Aug 13, 2015
Coca-Cola, the largest soft-drink maker in the world, is throwing its support and money behind a new nonprofit that insists regular exercise is much more important than taking in fewer calories to lose weight, according to The New York Times.
The beverage manufacturer gave $1.5 million to start the Global Energy Balance Network last year, an organization headed by three prominent scientists who contend working out is a more effective way to lose weight than dieting, the Times reported.
Competing evidence and opinions
The group's members told the Times that Coke does not have an influence on its work.
"Most of the focus in the popular media and in the scientific press is, 'Oh they're eating too much, eating too much, eating too much' - blaming fast food, blaming sugary drinks and so on," Steven N. Blair, the nonprofit's vice president and an exercise science professor at the University of South Carolina, said in video. "And there's really virtually no compelling evidence that that in fact is the cause. Those of us interested in science, public health, medicine, we have to learn how to get the right information out there."
However, the nonprofit's stance on weight loss goes against that of other health experts who contend that taking in far fewer calories is more key to losing and keeping off the pounds than consuming high caloric food and drink and burning it off through exercise.
Charitable giving or influencing?
According to The Chronicle of Philanthropy, Coke regularly donates millions to charities and organizations, giving $20 million to the World Wildlife Fund to conserve rivers across the globe in 2007. It also supports exercise initiatives, giving $3 million to the city of Chicago to establish community gyms when the city's government proposed a tax on soda, the Times reported.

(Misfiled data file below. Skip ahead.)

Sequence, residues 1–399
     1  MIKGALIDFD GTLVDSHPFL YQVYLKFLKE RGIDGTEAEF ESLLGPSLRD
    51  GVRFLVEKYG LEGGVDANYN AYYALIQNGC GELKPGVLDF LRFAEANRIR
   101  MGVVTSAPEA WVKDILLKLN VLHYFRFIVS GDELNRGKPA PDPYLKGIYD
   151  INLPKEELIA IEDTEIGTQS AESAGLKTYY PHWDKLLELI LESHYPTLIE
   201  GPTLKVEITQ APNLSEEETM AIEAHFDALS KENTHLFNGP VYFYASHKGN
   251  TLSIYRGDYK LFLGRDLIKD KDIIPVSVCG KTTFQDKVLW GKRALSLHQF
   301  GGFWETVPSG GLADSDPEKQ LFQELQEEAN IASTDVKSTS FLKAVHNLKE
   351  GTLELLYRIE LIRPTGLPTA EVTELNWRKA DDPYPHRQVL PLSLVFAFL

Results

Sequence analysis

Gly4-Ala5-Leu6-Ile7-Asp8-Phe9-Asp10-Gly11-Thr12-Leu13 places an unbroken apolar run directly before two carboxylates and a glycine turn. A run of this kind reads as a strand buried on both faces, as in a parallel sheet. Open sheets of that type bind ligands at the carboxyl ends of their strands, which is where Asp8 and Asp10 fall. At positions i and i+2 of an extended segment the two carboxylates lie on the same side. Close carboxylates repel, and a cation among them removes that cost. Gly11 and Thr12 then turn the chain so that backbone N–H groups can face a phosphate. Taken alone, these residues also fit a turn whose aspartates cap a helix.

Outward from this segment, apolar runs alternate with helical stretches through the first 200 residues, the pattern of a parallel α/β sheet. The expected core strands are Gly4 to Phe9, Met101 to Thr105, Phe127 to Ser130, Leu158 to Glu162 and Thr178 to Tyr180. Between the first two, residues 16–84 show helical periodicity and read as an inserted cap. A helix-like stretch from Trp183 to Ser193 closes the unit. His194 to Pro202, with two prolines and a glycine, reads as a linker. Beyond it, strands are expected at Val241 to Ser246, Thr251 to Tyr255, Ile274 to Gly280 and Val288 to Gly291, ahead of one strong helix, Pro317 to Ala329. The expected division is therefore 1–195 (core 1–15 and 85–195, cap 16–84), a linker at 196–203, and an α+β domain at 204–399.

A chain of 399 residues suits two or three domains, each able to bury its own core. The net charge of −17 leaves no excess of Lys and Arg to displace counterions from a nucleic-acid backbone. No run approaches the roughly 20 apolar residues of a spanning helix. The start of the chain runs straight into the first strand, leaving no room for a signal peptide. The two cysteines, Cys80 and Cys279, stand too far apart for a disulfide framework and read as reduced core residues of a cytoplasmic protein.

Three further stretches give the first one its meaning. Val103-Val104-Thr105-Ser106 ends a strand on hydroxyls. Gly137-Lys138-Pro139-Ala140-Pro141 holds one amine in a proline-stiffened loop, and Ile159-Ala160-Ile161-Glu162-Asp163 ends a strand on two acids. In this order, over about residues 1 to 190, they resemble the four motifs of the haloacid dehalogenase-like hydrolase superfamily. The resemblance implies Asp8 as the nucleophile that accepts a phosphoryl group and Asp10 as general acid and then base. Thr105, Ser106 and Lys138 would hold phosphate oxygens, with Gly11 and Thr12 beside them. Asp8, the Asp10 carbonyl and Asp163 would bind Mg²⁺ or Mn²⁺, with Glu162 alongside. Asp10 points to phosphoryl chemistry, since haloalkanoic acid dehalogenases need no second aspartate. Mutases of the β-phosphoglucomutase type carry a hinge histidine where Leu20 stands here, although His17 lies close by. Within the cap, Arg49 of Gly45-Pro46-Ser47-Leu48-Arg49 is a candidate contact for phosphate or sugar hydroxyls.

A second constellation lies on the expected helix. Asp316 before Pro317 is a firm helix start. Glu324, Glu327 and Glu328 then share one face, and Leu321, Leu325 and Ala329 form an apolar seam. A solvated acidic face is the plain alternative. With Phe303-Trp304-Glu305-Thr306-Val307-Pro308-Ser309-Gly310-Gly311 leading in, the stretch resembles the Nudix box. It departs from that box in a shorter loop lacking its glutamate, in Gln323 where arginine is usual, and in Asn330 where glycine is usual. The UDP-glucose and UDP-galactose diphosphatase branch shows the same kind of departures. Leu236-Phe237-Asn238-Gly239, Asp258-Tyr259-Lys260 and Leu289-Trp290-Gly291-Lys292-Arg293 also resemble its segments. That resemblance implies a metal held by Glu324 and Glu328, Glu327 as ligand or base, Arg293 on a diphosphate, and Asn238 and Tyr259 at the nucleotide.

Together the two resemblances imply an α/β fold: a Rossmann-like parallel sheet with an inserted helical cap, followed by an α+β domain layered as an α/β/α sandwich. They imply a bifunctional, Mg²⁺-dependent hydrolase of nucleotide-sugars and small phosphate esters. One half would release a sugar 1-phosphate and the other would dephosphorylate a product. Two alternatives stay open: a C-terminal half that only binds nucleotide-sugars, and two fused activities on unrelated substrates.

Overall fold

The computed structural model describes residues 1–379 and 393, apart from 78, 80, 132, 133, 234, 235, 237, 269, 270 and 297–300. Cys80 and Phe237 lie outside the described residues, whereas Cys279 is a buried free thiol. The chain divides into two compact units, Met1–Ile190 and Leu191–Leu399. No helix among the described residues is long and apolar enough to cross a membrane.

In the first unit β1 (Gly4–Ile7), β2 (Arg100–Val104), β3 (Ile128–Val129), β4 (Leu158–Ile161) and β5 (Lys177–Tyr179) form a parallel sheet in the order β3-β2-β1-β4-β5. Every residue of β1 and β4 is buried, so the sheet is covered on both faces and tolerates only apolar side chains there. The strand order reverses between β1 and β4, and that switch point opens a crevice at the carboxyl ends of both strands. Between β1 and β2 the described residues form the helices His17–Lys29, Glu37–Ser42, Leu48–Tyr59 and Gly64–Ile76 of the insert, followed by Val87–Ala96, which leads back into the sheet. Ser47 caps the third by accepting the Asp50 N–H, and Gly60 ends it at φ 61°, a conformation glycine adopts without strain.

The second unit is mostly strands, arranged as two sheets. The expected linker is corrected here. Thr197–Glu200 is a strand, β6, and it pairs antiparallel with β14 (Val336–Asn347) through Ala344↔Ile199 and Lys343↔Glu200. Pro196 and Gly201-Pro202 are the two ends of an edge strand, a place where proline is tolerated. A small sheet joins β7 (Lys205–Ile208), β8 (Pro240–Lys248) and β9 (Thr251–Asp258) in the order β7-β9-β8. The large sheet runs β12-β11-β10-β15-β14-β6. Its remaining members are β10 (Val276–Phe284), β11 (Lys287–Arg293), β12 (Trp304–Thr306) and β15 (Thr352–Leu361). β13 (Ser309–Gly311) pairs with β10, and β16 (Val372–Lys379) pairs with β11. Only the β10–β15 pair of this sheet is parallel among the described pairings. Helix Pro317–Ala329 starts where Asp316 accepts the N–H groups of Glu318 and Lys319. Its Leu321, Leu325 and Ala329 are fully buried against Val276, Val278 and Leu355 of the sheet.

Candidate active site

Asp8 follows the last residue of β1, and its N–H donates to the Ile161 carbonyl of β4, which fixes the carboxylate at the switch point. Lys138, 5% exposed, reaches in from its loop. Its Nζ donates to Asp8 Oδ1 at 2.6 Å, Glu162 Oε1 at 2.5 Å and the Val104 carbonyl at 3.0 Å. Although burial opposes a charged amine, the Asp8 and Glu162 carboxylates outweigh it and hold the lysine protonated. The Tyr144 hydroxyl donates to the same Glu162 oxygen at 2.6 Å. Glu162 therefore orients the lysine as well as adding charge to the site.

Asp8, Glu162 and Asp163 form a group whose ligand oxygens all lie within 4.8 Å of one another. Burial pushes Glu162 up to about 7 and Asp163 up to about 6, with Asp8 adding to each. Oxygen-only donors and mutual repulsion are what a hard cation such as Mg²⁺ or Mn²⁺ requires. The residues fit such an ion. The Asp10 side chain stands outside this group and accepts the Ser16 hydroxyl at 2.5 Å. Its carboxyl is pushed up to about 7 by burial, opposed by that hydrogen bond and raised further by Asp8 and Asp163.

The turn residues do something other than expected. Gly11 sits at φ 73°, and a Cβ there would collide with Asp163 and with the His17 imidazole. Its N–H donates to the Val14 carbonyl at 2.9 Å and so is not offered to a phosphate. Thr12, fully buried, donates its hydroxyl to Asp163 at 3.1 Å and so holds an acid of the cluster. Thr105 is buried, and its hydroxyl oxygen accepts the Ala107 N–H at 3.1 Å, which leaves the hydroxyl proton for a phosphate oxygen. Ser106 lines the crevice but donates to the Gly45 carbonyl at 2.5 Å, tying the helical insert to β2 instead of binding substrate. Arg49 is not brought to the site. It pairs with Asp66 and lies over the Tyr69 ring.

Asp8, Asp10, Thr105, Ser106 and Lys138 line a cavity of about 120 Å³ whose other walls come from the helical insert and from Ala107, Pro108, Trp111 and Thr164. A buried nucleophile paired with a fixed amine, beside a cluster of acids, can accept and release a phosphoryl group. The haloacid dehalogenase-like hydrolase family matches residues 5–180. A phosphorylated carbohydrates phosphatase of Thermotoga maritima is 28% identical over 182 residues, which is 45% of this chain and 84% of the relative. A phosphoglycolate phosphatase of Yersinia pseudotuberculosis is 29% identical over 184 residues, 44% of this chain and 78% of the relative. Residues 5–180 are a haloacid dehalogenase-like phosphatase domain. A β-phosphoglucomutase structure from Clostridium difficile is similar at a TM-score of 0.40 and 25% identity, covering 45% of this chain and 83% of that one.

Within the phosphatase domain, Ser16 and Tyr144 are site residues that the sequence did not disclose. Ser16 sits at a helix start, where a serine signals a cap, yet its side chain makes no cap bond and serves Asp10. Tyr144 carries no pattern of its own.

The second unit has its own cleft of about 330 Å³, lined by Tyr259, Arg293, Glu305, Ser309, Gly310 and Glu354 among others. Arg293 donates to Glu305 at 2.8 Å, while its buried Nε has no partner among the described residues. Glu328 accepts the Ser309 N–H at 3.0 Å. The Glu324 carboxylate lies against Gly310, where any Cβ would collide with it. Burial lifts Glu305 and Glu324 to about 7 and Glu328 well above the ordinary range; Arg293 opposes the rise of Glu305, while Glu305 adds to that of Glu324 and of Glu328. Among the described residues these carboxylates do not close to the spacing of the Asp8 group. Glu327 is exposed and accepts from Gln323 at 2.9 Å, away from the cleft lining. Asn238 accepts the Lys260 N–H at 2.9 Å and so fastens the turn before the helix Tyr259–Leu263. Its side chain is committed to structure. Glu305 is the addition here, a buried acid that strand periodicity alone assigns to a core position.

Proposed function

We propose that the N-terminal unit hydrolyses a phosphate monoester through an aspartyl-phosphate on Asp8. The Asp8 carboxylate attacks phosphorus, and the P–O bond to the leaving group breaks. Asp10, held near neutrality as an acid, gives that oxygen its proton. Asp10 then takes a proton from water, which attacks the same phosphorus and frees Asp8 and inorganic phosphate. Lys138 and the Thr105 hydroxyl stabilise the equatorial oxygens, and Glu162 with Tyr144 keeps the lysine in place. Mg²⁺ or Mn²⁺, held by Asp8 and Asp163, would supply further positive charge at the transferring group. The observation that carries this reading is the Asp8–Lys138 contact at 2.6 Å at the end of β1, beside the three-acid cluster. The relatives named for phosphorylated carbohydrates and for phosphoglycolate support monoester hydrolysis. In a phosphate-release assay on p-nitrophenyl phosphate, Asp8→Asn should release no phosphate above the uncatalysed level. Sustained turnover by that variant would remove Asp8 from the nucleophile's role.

While transparency and disclosure of funding is needed in scientific studies, Martin Binks, a nutrition science professor at Texas Tech University, said a nonprofit or foundation's study shouldn't be discounted solely because a corporation supported it financially.
"Discussions about the merit and objectivity of the underlying science frequently take a back seat to ad hominem attacks on researchers or accusations of malicious corporate intent in the absence of any objective scientific appraisal of the research," Binks wrote in an editorial featured in the International Journal of Obesity.
Publicly-funded studies have similar risks to being biased, Binks noted, adding that someone in his field might provide a more favorable opinion of foods produced with government subsidies.
Whether there's an agenda or not behind giving to a nonprofit, corporations should continue to donate to nonprofits and foundations, Stefanie Garden wrote in Inside Philanthropy, but their giving needs to be scrutinized.
In the meantime, nonprofits who receive funding from corporate entities should ensure such donations do not interfere with their mission or the public trust of other potential givers.